The most recent player is Catholic Charities via its new mobile grocery delivery service Crisp! The social enterprise service, which recently expanded in the last four months, delivers in any sort of weather, maintains competitive prices and will deliver anywhere in the city. It is, however, making a push to work with senior citizen living facilities and the neighborhoods of Hermosa, Pilsen, Humboldt Park, Austin, Roseland and South Shore. This particular program is helmed by Crisp! and the American Heart Association.

“Other mobile grocers won’t go to many ZIP codes on the South or West sides,” says Mike Hyzy, with Crisp! “We don’t discriminate on ZIP code.”

The top item requested, by seniors in particular, is bottled water. The seniors can’t pick up the water themselves, so they need someone to deliver it. Crisp! will bring water as well as groceries, and if the produce is not up to snuff, the company offers a guarantee. And, like Mariano’s and Whole Foods, the mobile grocer offers healthy, ready-to-cook meals for about $10. Plus, for this service you don’t have to have a cellphone or the Internet to order. Crisp! will take a phone call and mail a catalog.

As far as stereotyping these neighborhoods as “bad,” Hyzy doesn’t agree, adding that some of it is “hype.”

“We’ve been operating delivery since last June and we haven’t had one problem [in any neighborhood],” Hyzy says. “People like us in their neighborhoods. Everyone should have equal access to healthy foods.

Urban gardens seem to have proliferated more steadily than grocery choices or mobile grocers, and many of those gardens offer local farmers markets or delivery services to residents, in addition to job training and other social needs. A DePaul University professor is at the helm of a number of studies examining how urban gardening is alleviating the food crisis in certain areas.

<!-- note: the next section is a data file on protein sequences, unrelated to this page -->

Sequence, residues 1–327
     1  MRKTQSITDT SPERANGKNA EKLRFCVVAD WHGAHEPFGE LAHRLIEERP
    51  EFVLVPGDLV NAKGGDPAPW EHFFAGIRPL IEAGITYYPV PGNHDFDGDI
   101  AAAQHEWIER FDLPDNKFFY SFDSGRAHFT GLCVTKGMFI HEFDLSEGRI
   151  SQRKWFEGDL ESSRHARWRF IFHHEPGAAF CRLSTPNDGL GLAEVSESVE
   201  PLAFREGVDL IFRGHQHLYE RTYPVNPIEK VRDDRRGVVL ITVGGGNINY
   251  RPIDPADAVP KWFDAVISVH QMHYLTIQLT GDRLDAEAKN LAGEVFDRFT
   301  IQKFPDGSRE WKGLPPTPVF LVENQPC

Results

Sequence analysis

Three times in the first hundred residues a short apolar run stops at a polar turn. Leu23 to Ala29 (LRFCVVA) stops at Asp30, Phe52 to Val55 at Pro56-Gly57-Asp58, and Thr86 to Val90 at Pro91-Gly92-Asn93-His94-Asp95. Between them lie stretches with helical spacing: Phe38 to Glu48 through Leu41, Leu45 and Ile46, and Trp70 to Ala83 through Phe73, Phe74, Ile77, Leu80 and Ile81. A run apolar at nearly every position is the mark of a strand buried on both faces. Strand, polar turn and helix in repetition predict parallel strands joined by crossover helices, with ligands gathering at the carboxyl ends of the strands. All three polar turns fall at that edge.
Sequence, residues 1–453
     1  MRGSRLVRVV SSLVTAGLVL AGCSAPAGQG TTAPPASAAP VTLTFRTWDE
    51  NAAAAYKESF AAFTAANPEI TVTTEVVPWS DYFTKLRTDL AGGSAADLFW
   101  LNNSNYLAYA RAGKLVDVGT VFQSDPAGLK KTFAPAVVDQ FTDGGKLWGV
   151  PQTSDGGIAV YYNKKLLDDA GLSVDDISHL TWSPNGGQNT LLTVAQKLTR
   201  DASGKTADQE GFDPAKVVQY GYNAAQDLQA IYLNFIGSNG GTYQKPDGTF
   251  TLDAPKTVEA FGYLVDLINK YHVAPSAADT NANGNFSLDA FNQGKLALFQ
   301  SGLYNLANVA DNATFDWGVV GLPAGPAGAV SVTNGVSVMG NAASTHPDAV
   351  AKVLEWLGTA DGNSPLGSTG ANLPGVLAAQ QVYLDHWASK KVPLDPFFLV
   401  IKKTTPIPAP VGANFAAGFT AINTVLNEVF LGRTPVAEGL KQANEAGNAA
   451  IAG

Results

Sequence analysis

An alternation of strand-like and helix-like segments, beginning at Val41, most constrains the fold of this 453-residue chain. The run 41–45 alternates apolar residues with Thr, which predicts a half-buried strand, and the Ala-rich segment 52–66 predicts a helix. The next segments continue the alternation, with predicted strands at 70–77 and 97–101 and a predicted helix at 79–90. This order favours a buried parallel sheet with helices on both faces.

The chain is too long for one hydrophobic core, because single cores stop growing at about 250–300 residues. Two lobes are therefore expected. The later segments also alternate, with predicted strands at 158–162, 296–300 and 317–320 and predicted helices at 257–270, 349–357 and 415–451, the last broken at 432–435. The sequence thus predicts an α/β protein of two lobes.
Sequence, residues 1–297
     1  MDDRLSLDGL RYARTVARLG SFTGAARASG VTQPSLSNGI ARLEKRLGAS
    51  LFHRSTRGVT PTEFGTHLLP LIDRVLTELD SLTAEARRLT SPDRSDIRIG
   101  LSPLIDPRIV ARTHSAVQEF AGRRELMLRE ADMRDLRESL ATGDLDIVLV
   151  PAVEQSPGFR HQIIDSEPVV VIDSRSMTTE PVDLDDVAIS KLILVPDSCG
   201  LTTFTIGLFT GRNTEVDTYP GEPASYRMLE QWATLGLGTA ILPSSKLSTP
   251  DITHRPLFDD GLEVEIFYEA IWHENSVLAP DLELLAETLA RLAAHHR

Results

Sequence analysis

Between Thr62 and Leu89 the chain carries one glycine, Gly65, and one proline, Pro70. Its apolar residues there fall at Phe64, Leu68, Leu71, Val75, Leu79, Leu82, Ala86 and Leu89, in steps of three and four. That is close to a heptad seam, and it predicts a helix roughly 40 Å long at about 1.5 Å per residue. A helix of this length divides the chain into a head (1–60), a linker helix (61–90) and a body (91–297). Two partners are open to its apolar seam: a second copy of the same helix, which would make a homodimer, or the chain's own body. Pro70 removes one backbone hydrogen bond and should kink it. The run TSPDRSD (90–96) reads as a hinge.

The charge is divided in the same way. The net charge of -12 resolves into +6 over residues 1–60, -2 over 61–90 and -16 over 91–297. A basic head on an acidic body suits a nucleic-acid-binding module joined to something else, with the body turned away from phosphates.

“I think there’s a lot of energy around local food production as one means to supplement access challenges or alleviate some aspects of access challenges,” says Howard Rosing, a researcher who is also the executive director of DePaul’s Steans Center. “I don’t necessarily think it’s a golden ticket to solving the food access challenge. Are people happy with that as a replacement or do they deserve to have more substantial options? ”

Growing Home‘s Outreach Director Sonya Harper would tend to agree. Her group does grow food, but Englewood still has a ways to go. She hopes that Growing Home can work with neighborhood food partners such as the upcoming Whole Foods to provide even more options to residents.

“I don’t think we’ve arrived as far as curing our food desert crises,” she says. “It did take 40 years to create, and I don’t think it’ll be turned around in five. But things are definitely going to get better for us if the community stays engaged in projects for the quality of life of residents.”

Related

Mariano’s moving into the food dessert

Whole Foods is moving into Englewood

South Shore loses its Dominicks